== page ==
Endodontics is the area of dentistry dealing with the nerves of a tooth. There are three layers within a tooth. The outer layer is the part we see which the shiny hard enamel is surrounding the crown of the tooth. The second layer is called the dentin and has a similar appearance to bone. If decay enters the enamel or even penetrates the second layer of dentin, we can simply clean it out and place a restoration or filling.
In the center of the tooth lies the third layer of nerves and blood vessels called the pulp. When decay, which contains bacteria enters the pulp, a filling will no longer fix the problem. The tooth becomes infected and the pulp or living part of the tooth dies. As the infection spreads throughout the tooth, it eventually moves out of the tooth into the bone and causes an abscess which can be very painful.
There are two means of eliminating an abscess. The tooth can be extracted, or the tooth can be saved by means of a root canal.
What is a Root Canal?
Before performing a root canal, the tooth is well anesthetized. We then make a little hole through the center of the tooth and use small instruments to remove the infected pulp.
The canals are then sealed with a solid material called gutta-percha. Once the canals are sealed, the tooth cannot become re-infected. A properly done root canal should last a lifetime.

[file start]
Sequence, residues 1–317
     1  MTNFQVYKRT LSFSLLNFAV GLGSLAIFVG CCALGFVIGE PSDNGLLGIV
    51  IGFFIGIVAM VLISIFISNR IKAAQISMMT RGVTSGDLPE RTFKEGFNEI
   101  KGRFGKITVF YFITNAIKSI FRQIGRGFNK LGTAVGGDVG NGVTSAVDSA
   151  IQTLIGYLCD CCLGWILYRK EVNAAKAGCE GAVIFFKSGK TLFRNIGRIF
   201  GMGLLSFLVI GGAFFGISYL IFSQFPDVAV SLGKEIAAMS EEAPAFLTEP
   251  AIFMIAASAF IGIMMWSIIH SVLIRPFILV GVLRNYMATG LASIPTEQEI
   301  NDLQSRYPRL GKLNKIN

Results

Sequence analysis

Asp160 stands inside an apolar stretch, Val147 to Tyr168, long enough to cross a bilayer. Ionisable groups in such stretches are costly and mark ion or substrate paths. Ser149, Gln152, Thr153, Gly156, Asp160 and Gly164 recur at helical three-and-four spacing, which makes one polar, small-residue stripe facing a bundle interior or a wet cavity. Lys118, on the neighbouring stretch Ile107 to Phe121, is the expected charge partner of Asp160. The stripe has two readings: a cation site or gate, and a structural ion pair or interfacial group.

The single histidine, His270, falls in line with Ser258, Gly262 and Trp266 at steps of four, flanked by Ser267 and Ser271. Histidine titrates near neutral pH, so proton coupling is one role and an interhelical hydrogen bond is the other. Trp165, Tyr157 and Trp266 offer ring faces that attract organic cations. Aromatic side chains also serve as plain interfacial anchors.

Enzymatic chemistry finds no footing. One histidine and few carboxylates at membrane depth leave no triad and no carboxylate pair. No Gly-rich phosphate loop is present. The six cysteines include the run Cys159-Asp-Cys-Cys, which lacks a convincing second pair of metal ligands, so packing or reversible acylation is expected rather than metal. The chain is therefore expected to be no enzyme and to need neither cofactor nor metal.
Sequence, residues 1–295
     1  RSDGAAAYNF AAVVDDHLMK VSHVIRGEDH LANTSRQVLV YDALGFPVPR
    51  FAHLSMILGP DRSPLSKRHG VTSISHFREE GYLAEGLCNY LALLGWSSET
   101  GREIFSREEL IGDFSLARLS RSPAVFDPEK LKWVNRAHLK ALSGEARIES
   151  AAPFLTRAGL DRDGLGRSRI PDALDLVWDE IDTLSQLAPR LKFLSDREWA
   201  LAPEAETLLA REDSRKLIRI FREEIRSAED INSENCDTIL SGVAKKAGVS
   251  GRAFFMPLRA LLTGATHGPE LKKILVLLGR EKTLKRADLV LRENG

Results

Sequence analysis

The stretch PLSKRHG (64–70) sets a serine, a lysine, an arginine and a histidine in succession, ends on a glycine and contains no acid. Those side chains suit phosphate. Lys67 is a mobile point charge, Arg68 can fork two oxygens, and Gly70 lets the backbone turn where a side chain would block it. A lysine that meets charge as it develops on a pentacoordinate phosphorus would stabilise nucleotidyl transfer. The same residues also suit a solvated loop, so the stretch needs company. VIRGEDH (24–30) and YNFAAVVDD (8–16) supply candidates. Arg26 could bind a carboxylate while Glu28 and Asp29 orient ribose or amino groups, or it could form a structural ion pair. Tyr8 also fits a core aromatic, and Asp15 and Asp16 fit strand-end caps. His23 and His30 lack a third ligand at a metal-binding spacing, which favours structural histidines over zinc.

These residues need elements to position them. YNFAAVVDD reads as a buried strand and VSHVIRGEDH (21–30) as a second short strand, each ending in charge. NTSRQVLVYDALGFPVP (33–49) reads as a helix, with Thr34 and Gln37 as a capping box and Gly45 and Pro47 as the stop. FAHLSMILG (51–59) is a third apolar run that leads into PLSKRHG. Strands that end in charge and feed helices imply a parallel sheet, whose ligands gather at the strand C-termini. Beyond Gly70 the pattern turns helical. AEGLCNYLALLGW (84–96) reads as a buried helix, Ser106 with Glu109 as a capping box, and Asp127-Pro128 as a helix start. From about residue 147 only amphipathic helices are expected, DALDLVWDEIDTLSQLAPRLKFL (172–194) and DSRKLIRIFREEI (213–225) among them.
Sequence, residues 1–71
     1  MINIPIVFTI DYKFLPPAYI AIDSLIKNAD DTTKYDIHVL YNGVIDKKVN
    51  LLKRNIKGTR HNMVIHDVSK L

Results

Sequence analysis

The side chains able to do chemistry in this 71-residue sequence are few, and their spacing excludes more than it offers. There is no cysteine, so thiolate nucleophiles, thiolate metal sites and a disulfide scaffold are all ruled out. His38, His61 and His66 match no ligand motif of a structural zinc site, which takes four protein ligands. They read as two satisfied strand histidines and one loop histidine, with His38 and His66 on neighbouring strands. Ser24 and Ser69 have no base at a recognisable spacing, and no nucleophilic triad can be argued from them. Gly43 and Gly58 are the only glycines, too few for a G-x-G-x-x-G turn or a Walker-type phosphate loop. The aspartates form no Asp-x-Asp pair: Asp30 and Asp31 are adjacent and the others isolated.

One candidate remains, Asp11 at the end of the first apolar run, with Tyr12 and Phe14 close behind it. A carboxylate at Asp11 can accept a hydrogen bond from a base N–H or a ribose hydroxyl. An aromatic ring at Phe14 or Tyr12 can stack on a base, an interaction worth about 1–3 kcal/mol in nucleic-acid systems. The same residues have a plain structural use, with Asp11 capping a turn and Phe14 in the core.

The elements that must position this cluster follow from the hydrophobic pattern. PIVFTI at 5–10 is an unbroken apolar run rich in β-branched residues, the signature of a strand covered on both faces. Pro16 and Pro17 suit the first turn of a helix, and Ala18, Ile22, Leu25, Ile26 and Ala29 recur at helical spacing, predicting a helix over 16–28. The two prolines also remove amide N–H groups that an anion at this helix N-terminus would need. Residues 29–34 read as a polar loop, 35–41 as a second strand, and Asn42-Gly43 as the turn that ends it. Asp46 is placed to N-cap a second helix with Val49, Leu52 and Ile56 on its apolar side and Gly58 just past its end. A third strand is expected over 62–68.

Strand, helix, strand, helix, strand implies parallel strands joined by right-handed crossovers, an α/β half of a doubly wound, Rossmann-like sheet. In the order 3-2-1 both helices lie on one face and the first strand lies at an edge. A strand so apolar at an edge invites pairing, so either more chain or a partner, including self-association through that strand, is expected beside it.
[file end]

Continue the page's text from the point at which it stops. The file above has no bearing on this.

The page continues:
The tooth is then restored back to function. The term “root canal” has had very negative connotations in the past implying many painful trips to the dentist. At Chomiak Dental we utilize the latest materials and techniques. The new procedures for root canals are completed painlessly in one visit, making it like having a tooth filled.
What is an Apicoectomy?
On rare occasions the infection in the bone following a root canal may not heal completely. Sometimes the root canal can be retreated to assure all accessory canals were sealed. If retreatment can not be performed, possibly because of a post, then a minor surgical procedure called an apicoectomy may be necessary to remove the infection. A very tiny surgical incision is made near the root tip of the tooth and the tissue is slightly reflected. We then remove the infection directly, seal the root of the tooth with a special material, and sometimes place a small bone graft in the defect to help speed up the healing process.
What is a Root Resection or Hemisection?
Sometimes a multirooted tooth may have a single root which is fractured or damaged. A root canal is performed on the remaining tooth and the damaged root is surgically amputated from the rest of the tooth. The bone around the extracted root will heal and the remaining roots are generally enough to maintain stability of the tooth for a long time thus avoiding extraction.